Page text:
Jeremy Julian

Simple Tips to Maximize the Life of Your POS System

January 14, 2014

Restaurant business owners and managers spend thousands of dollars every year investing in POS systems, hardware, software, and maintenance.  All of the money spent on these components is spent in the hopes of automating their business and providing the best service to the customer.  What happens to these investments when they are handed over to the staff?

Unfortunately, most employees don’t really care about the restaurant’s hardware and would never dream of handling their own laptops or cell phones in the same fashion they handle the POS hardware. As an owner, what can you do to help get the most out of your POS investment?  Here are some simple tips to help you extend the life of your hardware.

1. Do a daily spot check of the hardware. In your pre-shift meetings, each work group should be assigned to check one component of your POS hardware.  For example, the kitchen staff can check the POS kitchen printers, the bussers can confirm that there is paper in each of the check printers, and the servers can check the POS terminals.  Each staff member should do a quick cleaning of each piece of hardware with a damp cloth (avoid using harsh chemicals).  Employees should report items that are damaged back to the managers immediately to be remedied before the start of the shift.

TIP:  If specific pieces of hardware like handheld computers, pagers, kitchen knives, etc., are given to staff members, the manager should take a personal item to make sure the equipment is returned in good condition.  Make this part of the check out and check in process.  Items such as a driver’s license, car keys or cell phones are items that we have seen to be successful.

2. Make sure all your kitchen stations are working properly.  As a part of pre-shift, someone should be assigned to send an item to the kitchen that contacts each station.  Set up an item in your configuration that goes to every station.  Also, a simple $1.00 credit card authorization needs to be run to make sure your credit card software is operational.  There’s nothing worse than starting a shift and realizing something isn’t working properly.

3. Final check at the end of the shift.  As part of their checkout process for the end of their shift, each member of the team should do the same simple checks of the components.  Make this as routine as refilling the salt and peppershakers and sugar.

TIP:  Be sure to look for any signs of wear or damage such as scratches on the touch screens, frayed wires, water damage, and other things that will prevent the equipment from functioning as expected.  Be as proactive as possible in repairs to ensure fully functional hardware for next shift.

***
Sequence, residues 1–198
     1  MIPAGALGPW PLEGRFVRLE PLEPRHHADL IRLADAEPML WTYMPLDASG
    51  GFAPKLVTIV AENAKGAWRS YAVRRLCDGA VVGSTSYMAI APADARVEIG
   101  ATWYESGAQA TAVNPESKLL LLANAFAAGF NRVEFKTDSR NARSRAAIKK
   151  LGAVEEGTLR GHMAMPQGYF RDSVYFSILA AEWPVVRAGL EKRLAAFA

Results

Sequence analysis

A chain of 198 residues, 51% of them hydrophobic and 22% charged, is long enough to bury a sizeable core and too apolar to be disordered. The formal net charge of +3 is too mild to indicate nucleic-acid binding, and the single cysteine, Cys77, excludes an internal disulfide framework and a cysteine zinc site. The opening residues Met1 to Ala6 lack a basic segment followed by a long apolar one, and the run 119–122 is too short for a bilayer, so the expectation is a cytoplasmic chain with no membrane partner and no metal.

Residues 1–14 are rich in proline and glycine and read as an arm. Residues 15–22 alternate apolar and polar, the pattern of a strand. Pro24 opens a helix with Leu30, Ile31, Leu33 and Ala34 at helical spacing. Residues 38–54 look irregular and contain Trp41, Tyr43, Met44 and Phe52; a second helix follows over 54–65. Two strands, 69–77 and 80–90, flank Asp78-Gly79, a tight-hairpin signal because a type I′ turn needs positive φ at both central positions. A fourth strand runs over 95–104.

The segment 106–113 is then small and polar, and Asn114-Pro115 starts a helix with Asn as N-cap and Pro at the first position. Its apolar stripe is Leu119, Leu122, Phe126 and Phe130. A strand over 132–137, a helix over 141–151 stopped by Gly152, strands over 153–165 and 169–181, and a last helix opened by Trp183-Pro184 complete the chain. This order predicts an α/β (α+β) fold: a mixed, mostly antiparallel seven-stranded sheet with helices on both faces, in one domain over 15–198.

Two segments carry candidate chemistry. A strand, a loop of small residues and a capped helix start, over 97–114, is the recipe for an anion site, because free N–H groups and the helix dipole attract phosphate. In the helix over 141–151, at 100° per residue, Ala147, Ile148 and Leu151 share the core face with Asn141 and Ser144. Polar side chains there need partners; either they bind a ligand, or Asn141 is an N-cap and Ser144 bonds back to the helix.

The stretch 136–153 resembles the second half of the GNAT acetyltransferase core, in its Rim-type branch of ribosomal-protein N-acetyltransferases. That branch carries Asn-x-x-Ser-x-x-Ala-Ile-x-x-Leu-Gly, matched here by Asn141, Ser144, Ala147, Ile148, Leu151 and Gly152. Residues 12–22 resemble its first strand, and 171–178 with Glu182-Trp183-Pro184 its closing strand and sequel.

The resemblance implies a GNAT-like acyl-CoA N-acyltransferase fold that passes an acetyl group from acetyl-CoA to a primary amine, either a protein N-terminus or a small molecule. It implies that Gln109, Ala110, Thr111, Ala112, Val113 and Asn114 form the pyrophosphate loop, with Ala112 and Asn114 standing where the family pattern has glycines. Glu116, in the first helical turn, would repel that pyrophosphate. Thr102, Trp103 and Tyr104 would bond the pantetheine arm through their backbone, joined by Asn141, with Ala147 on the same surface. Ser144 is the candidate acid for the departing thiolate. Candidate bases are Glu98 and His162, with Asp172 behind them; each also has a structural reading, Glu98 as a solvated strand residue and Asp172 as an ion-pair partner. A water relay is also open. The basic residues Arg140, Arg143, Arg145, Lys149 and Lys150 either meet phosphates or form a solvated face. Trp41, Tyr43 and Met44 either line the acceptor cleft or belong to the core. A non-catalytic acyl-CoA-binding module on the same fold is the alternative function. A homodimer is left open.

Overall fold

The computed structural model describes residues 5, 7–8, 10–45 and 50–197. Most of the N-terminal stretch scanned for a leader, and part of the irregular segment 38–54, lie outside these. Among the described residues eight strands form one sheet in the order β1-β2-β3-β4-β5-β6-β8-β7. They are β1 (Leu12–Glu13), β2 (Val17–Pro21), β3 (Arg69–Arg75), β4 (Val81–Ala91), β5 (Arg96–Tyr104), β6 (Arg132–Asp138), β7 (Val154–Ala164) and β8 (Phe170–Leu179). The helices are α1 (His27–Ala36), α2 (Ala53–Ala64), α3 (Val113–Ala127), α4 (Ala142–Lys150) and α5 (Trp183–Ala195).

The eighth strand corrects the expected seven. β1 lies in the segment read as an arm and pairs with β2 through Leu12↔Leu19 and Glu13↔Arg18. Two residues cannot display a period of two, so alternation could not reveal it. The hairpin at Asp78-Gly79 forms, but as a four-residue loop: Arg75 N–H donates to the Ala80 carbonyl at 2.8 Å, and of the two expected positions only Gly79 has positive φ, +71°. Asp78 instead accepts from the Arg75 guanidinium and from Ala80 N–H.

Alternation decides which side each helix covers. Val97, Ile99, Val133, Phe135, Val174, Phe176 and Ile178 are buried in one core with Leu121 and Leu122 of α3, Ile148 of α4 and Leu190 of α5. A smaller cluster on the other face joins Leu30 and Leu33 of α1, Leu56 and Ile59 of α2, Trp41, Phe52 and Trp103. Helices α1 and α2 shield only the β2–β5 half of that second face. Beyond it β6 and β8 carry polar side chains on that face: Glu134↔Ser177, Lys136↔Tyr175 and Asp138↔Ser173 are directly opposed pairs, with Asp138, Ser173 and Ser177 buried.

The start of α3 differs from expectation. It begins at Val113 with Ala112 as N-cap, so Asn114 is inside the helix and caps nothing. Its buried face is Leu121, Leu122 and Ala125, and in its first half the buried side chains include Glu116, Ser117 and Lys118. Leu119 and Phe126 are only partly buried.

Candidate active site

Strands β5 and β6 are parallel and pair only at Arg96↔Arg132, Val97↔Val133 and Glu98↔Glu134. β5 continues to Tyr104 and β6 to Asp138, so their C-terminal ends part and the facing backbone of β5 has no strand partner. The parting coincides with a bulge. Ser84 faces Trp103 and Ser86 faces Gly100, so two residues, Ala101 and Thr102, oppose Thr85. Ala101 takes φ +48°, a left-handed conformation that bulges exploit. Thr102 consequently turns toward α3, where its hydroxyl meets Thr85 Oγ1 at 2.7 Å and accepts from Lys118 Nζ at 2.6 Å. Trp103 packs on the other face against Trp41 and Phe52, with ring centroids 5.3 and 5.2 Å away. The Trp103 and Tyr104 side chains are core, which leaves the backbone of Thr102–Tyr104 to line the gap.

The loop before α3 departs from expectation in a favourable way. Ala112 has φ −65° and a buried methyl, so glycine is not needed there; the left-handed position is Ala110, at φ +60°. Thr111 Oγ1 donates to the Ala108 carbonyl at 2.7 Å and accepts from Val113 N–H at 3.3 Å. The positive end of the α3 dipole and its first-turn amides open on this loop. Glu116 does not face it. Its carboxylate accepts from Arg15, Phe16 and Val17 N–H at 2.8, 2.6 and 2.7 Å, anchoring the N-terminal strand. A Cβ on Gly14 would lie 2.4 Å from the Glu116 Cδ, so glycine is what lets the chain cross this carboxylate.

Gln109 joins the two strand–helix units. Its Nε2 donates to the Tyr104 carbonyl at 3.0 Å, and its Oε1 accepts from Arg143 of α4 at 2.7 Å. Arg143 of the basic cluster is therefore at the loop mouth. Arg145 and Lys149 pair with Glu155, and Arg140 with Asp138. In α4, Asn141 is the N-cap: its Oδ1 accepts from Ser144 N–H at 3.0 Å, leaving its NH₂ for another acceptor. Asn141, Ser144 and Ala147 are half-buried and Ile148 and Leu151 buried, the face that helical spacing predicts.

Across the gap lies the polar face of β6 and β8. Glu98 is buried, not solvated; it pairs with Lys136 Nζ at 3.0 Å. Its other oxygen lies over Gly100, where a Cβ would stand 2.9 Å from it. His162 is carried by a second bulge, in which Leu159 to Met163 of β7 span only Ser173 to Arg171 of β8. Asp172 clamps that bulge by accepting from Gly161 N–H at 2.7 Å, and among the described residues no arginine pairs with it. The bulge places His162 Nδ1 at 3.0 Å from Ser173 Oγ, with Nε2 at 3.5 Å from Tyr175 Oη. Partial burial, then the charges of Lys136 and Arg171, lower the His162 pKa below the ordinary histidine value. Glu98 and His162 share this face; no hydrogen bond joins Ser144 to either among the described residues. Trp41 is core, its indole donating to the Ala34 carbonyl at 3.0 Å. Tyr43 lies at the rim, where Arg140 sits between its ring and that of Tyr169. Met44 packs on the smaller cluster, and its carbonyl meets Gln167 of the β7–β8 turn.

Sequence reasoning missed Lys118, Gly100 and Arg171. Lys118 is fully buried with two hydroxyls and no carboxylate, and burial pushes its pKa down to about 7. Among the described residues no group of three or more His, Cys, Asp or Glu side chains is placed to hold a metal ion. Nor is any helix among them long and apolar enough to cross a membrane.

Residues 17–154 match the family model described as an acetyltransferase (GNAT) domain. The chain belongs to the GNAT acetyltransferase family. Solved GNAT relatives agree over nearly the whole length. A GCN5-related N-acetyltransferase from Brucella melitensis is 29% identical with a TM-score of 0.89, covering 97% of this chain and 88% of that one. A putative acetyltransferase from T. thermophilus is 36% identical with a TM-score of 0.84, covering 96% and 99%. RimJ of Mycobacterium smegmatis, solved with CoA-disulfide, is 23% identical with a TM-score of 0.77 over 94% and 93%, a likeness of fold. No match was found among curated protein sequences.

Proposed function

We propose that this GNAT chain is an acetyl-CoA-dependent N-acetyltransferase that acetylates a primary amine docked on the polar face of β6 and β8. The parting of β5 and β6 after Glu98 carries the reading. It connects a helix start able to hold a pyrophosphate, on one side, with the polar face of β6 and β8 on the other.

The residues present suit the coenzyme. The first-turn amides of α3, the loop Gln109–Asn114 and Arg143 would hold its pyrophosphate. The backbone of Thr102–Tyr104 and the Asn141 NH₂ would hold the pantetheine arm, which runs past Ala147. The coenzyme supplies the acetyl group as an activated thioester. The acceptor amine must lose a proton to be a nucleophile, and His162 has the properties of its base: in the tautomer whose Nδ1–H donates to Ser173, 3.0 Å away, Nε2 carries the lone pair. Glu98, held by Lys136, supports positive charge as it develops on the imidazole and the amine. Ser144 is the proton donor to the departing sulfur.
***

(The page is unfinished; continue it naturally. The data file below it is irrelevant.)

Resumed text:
4. Hire trained technicians to do a full maintenance once per year.  Similar to a tune up for your car or your annual physical, each POS system should be inspected at least once a year.  Many times your POS provider or hardware provider will offer these services.

Think about replacing the most used components on a regular basis.  Not all POS hardware items are subjected to the same kind of abuse.  Items like kitchen printers tend to see more abuse because of the environment in the kitchen, whereas POS terminals at the host stand are not exposed to the high temperatures, flying grease, and other hazards found in the kitchen and these tend to have a longer lifecycle.  Knowing the environment in which your hardware is operating will allow you to set a reasonable lifecycle management system for each device.

First, it is incredibly important to accept the fact that your hardware won’t last forever!!  Getting a good grasp on each unit’s lifecycle, then developing a plan for a life cycle refresh will ensure the continued successful operation of your POS hardware and keep your restaurant technologically relevant.  One customer CBS serves has a useful lifecycle date for each piece of equipment in their restaurant.  They use the standard of 6 years for a POS terminal, 4 years for a kitchen printer and 8 years for a POS printer.  These are the dates that work for their restaurants, but these lifecycles could be very different for your restaurant.

Contact CBS today to see how we can help you get the most out of your POS system at

Do you do anything to extend the life of your POS system? We’d love to hear about it. Sound off in the comments!

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